Honesty: A Refreshing, But Legally Lethal, Policy for IRS
Two years ago, former top IRS official Lois Lerner publicly admitted, and apologized for, the IRS’s targeting of Tea Party applicants for tax exemption in an attempt to get out in front of the soon-to-be-released report by The Treasury Inspector General for Tax Administration (TIGTA) that would expose the agency’s misconduct and unlawful targeting.
The IRS’s lawyers told Lerner then the same thing they recently told a federal appeals court: the government is free to unconstitutionally discriminate against its citizens until such time as they are permitted to file a lawsuit to obtain a determination on their applications (i.e., 270 days for 501(c)(3) applicants and presumably indefinitely for 501(c)(4) applicants, as there is no such statutory deadline applicable to them).
In other words, the government has finally admitted what the rest of us have known for some time now: the IRS believes it is (for at least a 270-day period) above the law of the land.
In a case involving the same constitutional issue as the ACLJ’s pending Tea Party-related case—whether the IRS may lawfully delay processing tax exempt applications because of the viewpoint espoused by the applicant—Z Street, a pro-Israel organization, sued the IRS alleging that the agency unconstitutionally subjected its tax exempt application to special scrutiny in order to determine whether the group’s activities and connection to Israel “contradicted the policies of this Administration.” Scarier still, Z Street alleged, the IRS has created a “special unit in Washington, D.C.” to make these types of determinations.
When a D.C. district court judge appointed by President Obama held that Z Street’s lawsuit could move forward, despite the IRS’s objections, into the discovery phase of litigation—the part of the case in which the IRS would be required to turn over documents related to its targeting practice, and IRS officials would finally have to provide, under oath, answers about their discriminatory conduct—the agency sought to delay this process further, thinking it would find a panel of the D.C. Circuit Court of Appeals more sympathetic to its legal position.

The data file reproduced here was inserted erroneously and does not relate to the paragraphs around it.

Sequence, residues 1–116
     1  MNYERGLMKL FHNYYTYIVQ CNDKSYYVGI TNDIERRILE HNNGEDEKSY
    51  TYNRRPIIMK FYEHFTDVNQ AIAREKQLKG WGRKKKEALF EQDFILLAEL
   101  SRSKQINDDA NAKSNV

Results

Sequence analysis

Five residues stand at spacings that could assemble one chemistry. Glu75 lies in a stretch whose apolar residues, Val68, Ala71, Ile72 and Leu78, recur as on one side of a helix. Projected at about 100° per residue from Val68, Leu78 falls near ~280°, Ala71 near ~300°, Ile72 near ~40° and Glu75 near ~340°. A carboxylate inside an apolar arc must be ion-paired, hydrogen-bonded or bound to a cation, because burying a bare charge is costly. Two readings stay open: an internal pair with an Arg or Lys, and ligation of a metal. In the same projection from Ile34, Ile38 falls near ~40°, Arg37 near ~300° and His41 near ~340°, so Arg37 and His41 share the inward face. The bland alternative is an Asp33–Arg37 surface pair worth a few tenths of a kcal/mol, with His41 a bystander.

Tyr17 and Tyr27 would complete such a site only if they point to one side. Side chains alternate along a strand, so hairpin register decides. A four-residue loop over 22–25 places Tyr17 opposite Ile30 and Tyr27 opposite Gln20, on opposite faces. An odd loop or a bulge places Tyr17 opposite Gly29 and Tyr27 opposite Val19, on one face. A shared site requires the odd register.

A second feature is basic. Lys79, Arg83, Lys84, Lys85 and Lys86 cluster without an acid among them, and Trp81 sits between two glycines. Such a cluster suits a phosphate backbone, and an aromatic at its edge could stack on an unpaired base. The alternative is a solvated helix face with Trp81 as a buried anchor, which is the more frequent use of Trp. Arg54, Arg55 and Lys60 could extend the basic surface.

On Monday, the IRS learned just how wrong that assessment was.
Those present at Monday’s oral argument described the court’s questioning of the IRS’s lawyer as a “pummeling” in which the panel “eviscerated the IRS and Justice Department.” The three judges hearing argument on the appeal refused to accept the government’s mischaracterization of the case—as one in which Z Street has an adequate statutory remedy under the provision of the Internal Revenue Code that allows 501(c)(3) applicants to sue for a tax exempt determination after 270 days—because Z Street’s lawsuit does not seek tax exempt status for the organization but rather requests constitutionally compliant treatment in the processing of its application. As one of the judges succinctly, and correctly, pointed out, neither a tax refund suit nor a suit seeking tax exemption could address the IRS’s discriminatory delay in the processing of Z Street’s application.
The Jewish Press reports the following line of questioning near the end of the argument from an incredulous Chief Judge Garland:
“You don’t want that to be our take away here, that the government’s position is the IRS is free to discriminate on the basis of viewpoint, religion, race, for 270 days?
“I think if I were you I would go back and ask your superiors whether they want us to represent that the government’s position in this case is that the government is free to unconstitutionally discriminate against its citizens for 270 days.
“I would be stunned if the current Attorney General agreed with that. Or the last Attorney General. Or the one before that, or the one before that. Or anyone. That can’t be the position. Now, do you want to think about it again, whether you really want that to be your position,” the Chief Judge stated.
Perhaps the most telling statement of the day was the IRS attorney’s response. Standing in the figurative shoes of the IRS, she was unapologetic and resolute, and with heels dug in, confirmed this is precisely the government’s position, as she simply “pointed out that many of her superiors were sitting in the courtroom, listening.”
This Sunday, May 10, marks two years since the IRS admitted it was unconstitutionally targeting politically dissident organizations for discriminatory and delayed processing of their applications for tax exemption.
Some of those organizations, including one of the ACLJ’s own clients, have been enduring this unconstitutional abuse for over five years without any resolution.
Despite the hubris exemplified by the position of the Obama Administration’s IRS and its brazen disregard for the constitutional rights of the citizens of this nation, however, the indignation expressed by the Z Street appellate panel offers a hopeful sign that the tide may finally be turning in this ongoing scandal and that this lawless campaign will not go unchecked forever.
How can we defeat an out-of-control bureaucracy like the IRS? Find the answer in ACLJ Chief Counsel Jay Sekulow’s new book, Undemocratic, which will be published on May 19th. You can pre-order the book now at Undemocraticbook.com